Archive for April, 2010

Frozen Food Test: Celeste Pizza

Posted on April 29, 2010. Filed under: frozen, hodgepodge | Tags: , , , , |

I was not sober when I decided this would be a good idea.

If you’re new to the blog, I’ve been occasionally testing frozen foods (mostly pizza) to see if there are good options on the market for those rare nights you can’t cook for yourself. Criteria is flavor, quality and sustainability of the ingredients, and convenience. However, this time it seems my criteria was a healthy combination of intoxication and nostalgia.

Strange as it seems, Mama Celeste’s frozen pizza was one of my first forays into “cooking”. When I was in college, I’d doctor up a plain pizza with fresh garlic and herbs, and call it a meal. Although it was only cooking in the silly “semi-homemade” sense of the word, it really did provide a launching point for future endeavors like doctoring up pasta sauce, which lead eventually to making my own pasta sauce. And I thought the pizza was pretty decent, too. Oh boy.

But Mama Celeste is no more. The pizza was once made by an actual Mama- Celeste Lizio. Lizio sold the recipe to Quaker Oats, it was then sold several more times, and is now owned by Pinnacle Food Group. Pinnacle has a proud history of taking once great brands (Duncan Hines, Swanson, Lender’s, Vlasic) and turning them into industrial food byproducts. They also own nutritional powerhouses Armour & Mrs. Butterworth’s. You see where this is going.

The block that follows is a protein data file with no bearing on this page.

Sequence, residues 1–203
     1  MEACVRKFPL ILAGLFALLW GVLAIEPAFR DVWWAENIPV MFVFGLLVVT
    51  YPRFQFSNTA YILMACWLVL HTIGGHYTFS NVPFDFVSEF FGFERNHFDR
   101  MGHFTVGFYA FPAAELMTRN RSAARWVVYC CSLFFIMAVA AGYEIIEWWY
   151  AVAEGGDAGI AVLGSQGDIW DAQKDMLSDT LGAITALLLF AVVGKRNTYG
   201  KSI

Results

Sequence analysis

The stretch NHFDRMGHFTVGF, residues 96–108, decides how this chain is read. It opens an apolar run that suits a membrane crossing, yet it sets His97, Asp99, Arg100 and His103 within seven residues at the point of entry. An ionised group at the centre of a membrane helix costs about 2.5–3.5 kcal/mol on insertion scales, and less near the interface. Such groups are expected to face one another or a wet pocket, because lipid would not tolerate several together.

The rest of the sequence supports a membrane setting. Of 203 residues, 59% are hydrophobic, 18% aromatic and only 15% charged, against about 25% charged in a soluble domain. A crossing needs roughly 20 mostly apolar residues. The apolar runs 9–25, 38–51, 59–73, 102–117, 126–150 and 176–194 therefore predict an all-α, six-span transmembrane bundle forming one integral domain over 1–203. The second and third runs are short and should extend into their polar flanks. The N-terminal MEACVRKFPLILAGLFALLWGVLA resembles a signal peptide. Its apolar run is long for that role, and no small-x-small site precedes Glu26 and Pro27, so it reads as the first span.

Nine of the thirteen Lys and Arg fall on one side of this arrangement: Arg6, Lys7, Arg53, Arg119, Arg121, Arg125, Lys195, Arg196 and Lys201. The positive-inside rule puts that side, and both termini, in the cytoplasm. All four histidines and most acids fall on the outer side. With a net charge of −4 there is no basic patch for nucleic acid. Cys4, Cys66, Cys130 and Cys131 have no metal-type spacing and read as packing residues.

The pizza sells for $1.49 at Albertson’s in Los Angeles.

PROS:

  • It’s a pretty quick trip from freezer to plate. One minute in the microwave, five minutes in the oven.
  • You get 20% of your recommended Vitamin C. I’m not sure how that happens, but it does.

CONS:

  • There are 39 ingredients listed. 39! The only ingredients that I understood were tomato puree, water, salt, sugar, and spices. The vast array of chemicals was impressive. Impressive in a very very scary way. Please pass the L-Cysteine Monohydrochloride?
  • The imitation cheese made me want to punch myself. It tasted like…ah….like I wanted to punch myself. Who made this stuff? Bad scientist. Bad bad scientist!